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Big Brother Comes to Town

Cameras On June 6, Portland City Council passed an ordinance allowing surveillance cameras to be affixed to businesses starting in Old Town/Chinatown for the stated purpose of curtailing criminal activity. Amanda Fritz was the sole commissioner voting against the ordinance, since her proposed amendment to evaluate the use of the cameras in a year wasn't adopted. The ordinance releases business owners that accept police cameras from any liability resulting from the Portland Police Bureau (PPB) installing or using those cameras. The first camera location will be Boxer Northwest on NW 6th and Flanders--at the PPB's suggestion, not the store owner's. No other locations have been disclosed.

Without a substantial discussion, a second ordinance was passed accepting a $100,000 grant to install microwave transmitters and receivers for cameras in the PPB's two Cessna airplanes. The money came from the Department of Homeland Security (DHS). The existing policy ("directive") on use of the aircraft allows for use in "crow control" (crowd control, their typo), so the new equipment is sure to be used for that purpose. While the old transmitters required a handheld device in line of sight, the new ones will send the signal to a "secure" website.

PPB plane The videos will be accessed on Smart phones and laptops, which leads to concerns over security and how many individuals would have access to those images, particularly the airplane videos. Fire and Rescue and other agencies not prohibited from collecting information under ORS 181.575 will have access to the images. It's likely that DHS and other federal agencies not bound by Oregon law will as well.

To address concerns raised by the ACLU and Portland Copwatch (who had the item pulled off the "consent agenda" in April, forcing a public discussion), Council asked Chief Reese to create a policy limiting the surveillance cameras' use to public areas and official police duties. Per the directive, "All recordings, unless being used in a criminal investigation or prosecution, shall be destroyed or deleted within 30 days. Only [PPB] members with a need to know or with investigative, administrative or management responsibility will access video records."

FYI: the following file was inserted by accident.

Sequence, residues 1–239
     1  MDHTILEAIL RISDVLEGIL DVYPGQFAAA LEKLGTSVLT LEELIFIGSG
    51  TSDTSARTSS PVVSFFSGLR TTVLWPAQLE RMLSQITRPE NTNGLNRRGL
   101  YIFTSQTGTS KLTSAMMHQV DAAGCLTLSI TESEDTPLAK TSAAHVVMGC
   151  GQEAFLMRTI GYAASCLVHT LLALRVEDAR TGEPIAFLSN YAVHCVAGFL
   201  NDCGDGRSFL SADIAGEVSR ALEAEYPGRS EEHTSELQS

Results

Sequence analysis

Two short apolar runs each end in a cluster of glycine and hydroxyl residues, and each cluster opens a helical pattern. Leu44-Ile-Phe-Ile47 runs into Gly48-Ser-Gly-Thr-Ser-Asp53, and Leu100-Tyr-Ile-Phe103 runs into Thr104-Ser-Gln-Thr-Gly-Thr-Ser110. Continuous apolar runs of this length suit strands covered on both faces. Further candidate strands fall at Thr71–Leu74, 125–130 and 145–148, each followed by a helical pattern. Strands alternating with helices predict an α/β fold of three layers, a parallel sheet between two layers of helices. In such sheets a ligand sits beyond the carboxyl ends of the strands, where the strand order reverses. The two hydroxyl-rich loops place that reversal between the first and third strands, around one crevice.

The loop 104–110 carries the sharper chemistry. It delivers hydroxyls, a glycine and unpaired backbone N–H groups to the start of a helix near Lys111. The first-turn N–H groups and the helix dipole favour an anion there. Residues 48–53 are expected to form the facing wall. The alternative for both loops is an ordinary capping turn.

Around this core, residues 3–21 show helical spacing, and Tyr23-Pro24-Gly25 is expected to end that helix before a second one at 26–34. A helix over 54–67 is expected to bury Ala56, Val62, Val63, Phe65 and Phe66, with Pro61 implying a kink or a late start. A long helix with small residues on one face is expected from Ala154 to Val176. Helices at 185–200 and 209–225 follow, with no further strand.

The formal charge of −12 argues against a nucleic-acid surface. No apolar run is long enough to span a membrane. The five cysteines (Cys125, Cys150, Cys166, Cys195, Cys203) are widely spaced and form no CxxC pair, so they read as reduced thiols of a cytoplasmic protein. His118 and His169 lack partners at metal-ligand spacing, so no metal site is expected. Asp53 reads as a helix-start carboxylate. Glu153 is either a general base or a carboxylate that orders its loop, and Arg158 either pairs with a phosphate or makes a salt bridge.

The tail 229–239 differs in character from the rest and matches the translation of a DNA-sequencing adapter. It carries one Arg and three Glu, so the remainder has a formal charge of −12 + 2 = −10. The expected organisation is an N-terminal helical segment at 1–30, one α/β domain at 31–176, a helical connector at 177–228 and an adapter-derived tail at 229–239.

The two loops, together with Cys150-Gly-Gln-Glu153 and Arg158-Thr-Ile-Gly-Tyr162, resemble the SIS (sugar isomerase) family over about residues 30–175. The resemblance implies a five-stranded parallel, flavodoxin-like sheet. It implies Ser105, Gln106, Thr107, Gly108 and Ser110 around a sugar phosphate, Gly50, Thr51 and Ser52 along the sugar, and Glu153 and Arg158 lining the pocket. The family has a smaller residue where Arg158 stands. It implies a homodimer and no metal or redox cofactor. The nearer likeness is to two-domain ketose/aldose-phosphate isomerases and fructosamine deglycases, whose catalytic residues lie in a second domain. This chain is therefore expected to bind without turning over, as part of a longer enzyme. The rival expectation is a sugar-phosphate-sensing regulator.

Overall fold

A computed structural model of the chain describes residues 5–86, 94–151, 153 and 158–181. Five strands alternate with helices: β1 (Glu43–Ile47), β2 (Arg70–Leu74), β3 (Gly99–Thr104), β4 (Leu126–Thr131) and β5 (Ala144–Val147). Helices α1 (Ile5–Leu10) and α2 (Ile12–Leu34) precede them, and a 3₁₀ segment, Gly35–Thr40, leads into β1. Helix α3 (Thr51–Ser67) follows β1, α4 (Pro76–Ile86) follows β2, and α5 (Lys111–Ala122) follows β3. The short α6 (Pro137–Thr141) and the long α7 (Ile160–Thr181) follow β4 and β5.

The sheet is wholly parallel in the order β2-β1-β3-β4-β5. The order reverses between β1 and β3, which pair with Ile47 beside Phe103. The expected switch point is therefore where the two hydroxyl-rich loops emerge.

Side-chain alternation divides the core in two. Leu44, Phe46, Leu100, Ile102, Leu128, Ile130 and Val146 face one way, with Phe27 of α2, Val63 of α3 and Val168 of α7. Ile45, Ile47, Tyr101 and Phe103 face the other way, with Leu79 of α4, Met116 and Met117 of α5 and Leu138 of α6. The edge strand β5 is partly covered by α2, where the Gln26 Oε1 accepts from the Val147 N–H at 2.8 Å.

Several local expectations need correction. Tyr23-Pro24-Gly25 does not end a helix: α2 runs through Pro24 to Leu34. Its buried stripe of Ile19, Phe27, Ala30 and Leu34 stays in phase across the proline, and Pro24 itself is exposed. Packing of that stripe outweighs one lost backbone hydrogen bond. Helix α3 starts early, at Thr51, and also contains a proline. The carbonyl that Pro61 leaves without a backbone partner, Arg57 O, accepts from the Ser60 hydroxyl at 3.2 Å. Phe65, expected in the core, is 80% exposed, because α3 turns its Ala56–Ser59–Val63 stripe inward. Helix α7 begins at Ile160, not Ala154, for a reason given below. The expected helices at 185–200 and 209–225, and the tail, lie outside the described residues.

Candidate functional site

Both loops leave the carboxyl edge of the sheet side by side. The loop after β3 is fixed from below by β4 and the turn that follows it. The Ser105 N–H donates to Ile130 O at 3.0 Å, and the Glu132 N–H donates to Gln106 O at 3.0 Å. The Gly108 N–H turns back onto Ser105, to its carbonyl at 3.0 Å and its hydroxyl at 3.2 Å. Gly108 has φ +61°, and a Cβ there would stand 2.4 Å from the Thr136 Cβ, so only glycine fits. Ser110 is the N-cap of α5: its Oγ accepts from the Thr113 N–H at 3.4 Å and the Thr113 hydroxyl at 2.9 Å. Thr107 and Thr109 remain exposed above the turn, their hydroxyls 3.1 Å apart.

Criminal activity is always the reason cited for reduced privacy. Part of the new directive states that the PPB may videotape at assemblies, protests and demonstrations for "training purposes." With the PPB's history of suppressing freedom and engaging in police brutality, the community can have little faith that this will be used in the manner stated. Police should not be gathering information about people just walking down the street, talking, protesting, and conducting themselves lawfully. The cameras could also be used to initiate pretext arrests or citations for minor infractions such as jaywalking or littering.

The benefit will be one-sided. While cameras may allow the police to use footage for the purposes of curtailing criminal activity, the Council tried to sell the idea that police harassment and abuse will also be recorded. But it is doubtful such footage will be shared or reported. The Mayor also repeatedly referred to a poll showing that a majority of Portlanders want more cameras; however, since those queried were not also asked follow up questions about potential privacy infringements, that poll is meaningless. It's important to note, too, that the Council vote was only to indemnify businesses who have PPB cameras mounted on their property; apparently, the Bureau owns multiple surveillance cameras and has been using them for years.

Several people at the hearing stated that the ubiquitousness of cameras in our daily lives means that we should not be concerned about the police operating such cameras. Quite the contrary: the cameras on Tri-Met, in convenience stores, and on other private buildings will only be turned over to police when they contain suspected criminal activity, whereas police cameras will record everything.

The PPB and the City claim the cameras will reduce crime, but until the City can address the causes of the so-called drug and gang problems, they will only get worse and shift location. Cameras don't eliminate addiction, violence, and lack of opportunity, just our privacy.

  People's Police Report

September, 2012
Also in PPR #57

Portland Police Shoot Several,
  Chasse Discipline Overturned

  • Other Shootings in Oregon
Excessive Force on May Day 2012
Serious Complaint Uninvestigated
Shooting Report Confirms Concerns
IPR Report Shares Little
New Cameras Monitor Citizens
Homeless Still Targeted
Promotions for Questionable Cops
Candidates on Police Accountability
Stops Data Show Police Bias
  • Taser Lawsuits
  • Gun Exclusions Disproportionate
  • Drug Exclusions Also Disproportionate

Quick Flashes
  • FBI Raids Activists Homes
  • Man in Mental Health Crisis Beaten, Tased
  • Whistle Blower Demoted, Sues
  • Cops Still For Sale In Portland
  • DOJ Says Copwatching Protected Speech
  • Skateboards, PPB Video, Sheriff Guilty

Rapping Back #57

Portland Copwatch
PO Box 42456
Portland, OR 97242
(503) 236-3065/ Incident Report Line (503) 321-5120
e-mail: copwatch@portlandcopwatch.org

Portland Copwatch is a grassroots, volunteer organization promoting police accountability through citizen action.

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